Amidst the Recent Developments of G-20 Summit, Where Does Pakistan Stand with C.P.E.C?

The world around us is changing at a mind boggling pace. We are moving away from a unipolar, US led world, and China is emerging as a strong contender to the global US hegemony. However, we are now moving past the era of permanent allies and foes. Countries with decades old conflicts are “rising to the occasion”, and giving priority to their long term sustainability.

The recent G20 Summit, hosted by India, marked a significant development that took place on the sidelines. To counter the impact of China’s Belt and Road Initiative, and the China Pakistan Economic Corridor (CPEC), countries like America, the Middle Eastern block, India and even Europe have unveiled an ambitious plan to setup sea and rail connectivity among these countries, separated today by thousands of kilometers.

On the face of it, this may seem an over-ambitious initiative, but if we examine the underlying synergies and resolve being displayed by the countries involved, this initiative is highly likely to take some tangible form in the near future. The most central region to this new development is the Middle East, which has lately had its fair share of instability and conflict.

However, influential powers like America have exerted their influence to bring peace and stability to the Middle East, with the exception of the Palestinian dispute. Although brokered by China, the recent “ceasefire” between religious arch rivals, Saudia Arabia and Iran, also marks the removal of a major hurdle to this development.

Where does Pakistan Stand in this Re-alignment?

In the midst of all this, the pertinent question is, where does Pakistan stand in all of this? And what is the current status of our “game-changer” initiative, CPEC? Well, the answer to this question is unfortunately in the negative, and this is not at all a good sign for Pakistan, and Sino-Pak relations over the mid to long term.

If we look at the initial plans of CPEC, its primary areas of focus were establishment of Industrial Zones across the CPEC route, upgrading of the existing Karakoram Highway (KKH), and laying of a railway track connecting China and Pakistan. Unfortunately, instead of pursuing these projects, which had the potential to generate invaluable foreign exchange for Pakistan, the Governments have been pursuing projects like Orange Line / Lahore Metro.

Although there is not much wrong with the Orange Line project in theory, but can a struggling and developing nation like us afford such luxuries. So, it is all about misplaced priorities, and misallocation of financial as well as human resources.

What is the Way Forward for Pakistan?

Now, let us discuss the way forward for Pakistan, especially in this rapidly evolving geo-political and socio economic landscape.

Revitalize the CPEC Initiative

Instead of mocking the practicality of the recently inked initiative between America, Middle East and others, Pakistan needs to focus on its CPEC initiative, and pick up the pace with the development of the necessary infrastructure.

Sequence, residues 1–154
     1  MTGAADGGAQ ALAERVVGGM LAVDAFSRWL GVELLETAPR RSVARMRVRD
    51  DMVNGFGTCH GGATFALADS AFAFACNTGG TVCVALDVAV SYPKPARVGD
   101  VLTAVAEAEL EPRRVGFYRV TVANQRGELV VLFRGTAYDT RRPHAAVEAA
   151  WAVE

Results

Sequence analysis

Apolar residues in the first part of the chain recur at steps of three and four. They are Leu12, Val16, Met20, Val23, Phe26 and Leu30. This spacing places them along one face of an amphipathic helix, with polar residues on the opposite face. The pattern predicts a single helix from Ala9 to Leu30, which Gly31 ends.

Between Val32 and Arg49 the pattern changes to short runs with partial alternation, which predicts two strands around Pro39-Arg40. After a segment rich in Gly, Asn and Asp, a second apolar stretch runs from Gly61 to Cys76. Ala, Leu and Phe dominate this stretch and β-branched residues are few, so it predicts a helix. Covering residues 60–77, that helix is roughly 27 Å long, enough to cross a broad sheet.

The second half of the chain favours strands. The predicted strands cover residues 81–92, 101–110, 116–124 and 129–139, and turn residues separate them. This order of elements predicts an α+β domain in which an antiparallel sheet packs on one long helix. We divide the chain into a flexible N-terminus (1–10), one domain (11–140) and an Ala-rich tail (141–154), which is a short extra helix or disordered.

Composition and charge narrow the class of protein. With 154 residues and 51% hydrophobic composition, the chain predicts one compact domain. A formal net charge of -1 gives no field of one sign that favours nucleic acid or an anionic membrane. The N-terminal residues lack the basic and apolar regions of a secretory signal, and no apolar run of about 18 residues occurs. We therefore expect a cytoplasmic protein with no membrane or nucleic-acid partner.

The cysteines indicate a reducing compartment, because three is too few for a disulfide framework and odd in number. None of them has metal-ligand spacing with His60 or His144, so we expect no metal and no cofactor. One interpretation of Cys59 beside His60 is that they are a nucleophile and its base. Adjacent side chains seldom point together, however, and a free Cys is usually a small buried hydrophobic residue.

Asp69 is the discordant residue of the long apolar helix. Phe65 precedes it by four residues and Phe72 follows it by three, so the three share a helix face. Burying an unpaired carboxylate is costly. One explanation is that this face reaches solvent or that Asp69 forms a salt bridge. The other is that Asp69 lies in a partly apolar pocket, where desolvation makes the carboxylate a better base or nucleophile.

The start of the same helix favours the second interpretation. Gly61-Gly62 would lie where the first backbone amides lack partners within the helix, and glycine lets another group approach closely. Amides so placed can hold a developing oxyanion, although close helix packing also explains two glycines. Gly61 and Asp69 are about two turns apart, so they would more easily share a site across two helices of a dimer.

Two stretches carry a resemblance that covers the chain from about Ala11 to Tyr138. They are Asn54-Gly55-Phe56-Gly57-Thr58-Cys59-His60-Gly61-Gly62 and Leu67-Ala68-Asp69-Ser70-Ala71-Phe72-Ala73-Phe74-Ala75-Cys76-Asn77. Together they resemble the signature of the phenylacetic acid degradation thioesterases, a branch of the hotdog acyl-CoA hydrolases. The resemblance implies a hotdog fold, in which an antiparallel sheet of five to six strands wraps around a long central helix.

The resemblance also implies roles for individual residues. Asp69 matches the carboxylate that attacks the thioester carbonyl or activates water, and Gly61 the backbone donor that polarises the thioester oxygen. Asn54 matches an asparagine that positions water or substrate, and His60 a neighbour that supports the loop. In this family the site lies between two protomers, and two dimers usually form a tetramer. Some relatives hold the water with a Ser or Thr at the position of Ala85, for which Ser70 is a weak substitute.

The Critical Role of Gwadar Port

Whether its importing raw materials or exporting value added finished goods, the role of our Gwadar Port is critical to the success of CPEC, and our economy as a whole. Although this world class port is operational, the Industrial Zones that should have been developed around it, are still facing bureaucratic and infrastructural delays.

The Way Forward with Neighbors

When it comes to countries, it is wisely said that we can’t change our neighbors. But what we can do instead is create the enabling environment that facilitates bilateral trade. Whether it’s Afghanistan to the West, or India to the East, we need to open our borders to well regulated bilateral trade.

This will facilitate the struggling masses of all these three countries to access basic necessity items at affordable prices, with relative ease. So far as the conflicts and tensions are concerned, there is nothing that diplomacy can’t solve.

History is filled with examples where arch rivals have now become biggest trade partners, resulting in a mutually beneficial relationship among the nations involved. Rigidity and insistence on previously stated positions are detrimental to making break-throughs in such complex areas, especially when so many vested interests are working hard, in the background, to sabotage such efforts.

Down the line, Pakistan can also become yet another key partner in this recent US led initiative as well, as we provide easy connectivity across Central Asia and even Europe. In order to truly progress, countries need to change their priorities, and shift the focus from military assets to industrial and technological innovation.

A stage comes when the economic stakes between nations are so high that any sort of conflict or tension is simply not viable for the countries or nations involved. The recent trade war between China and America is a classical example, whereby despite severe tensions, trade ties still remain strong between these two behemoths.


The bottom line is, Pakistan needs to set its priorities straight, and look towards this global re-alignment as an opportunity to leverage its geo-strategic position for the better.

Being a country of over 250 million people, Pakistan simply cannot afford to lose more time and resources to conflict and tensions with other countries.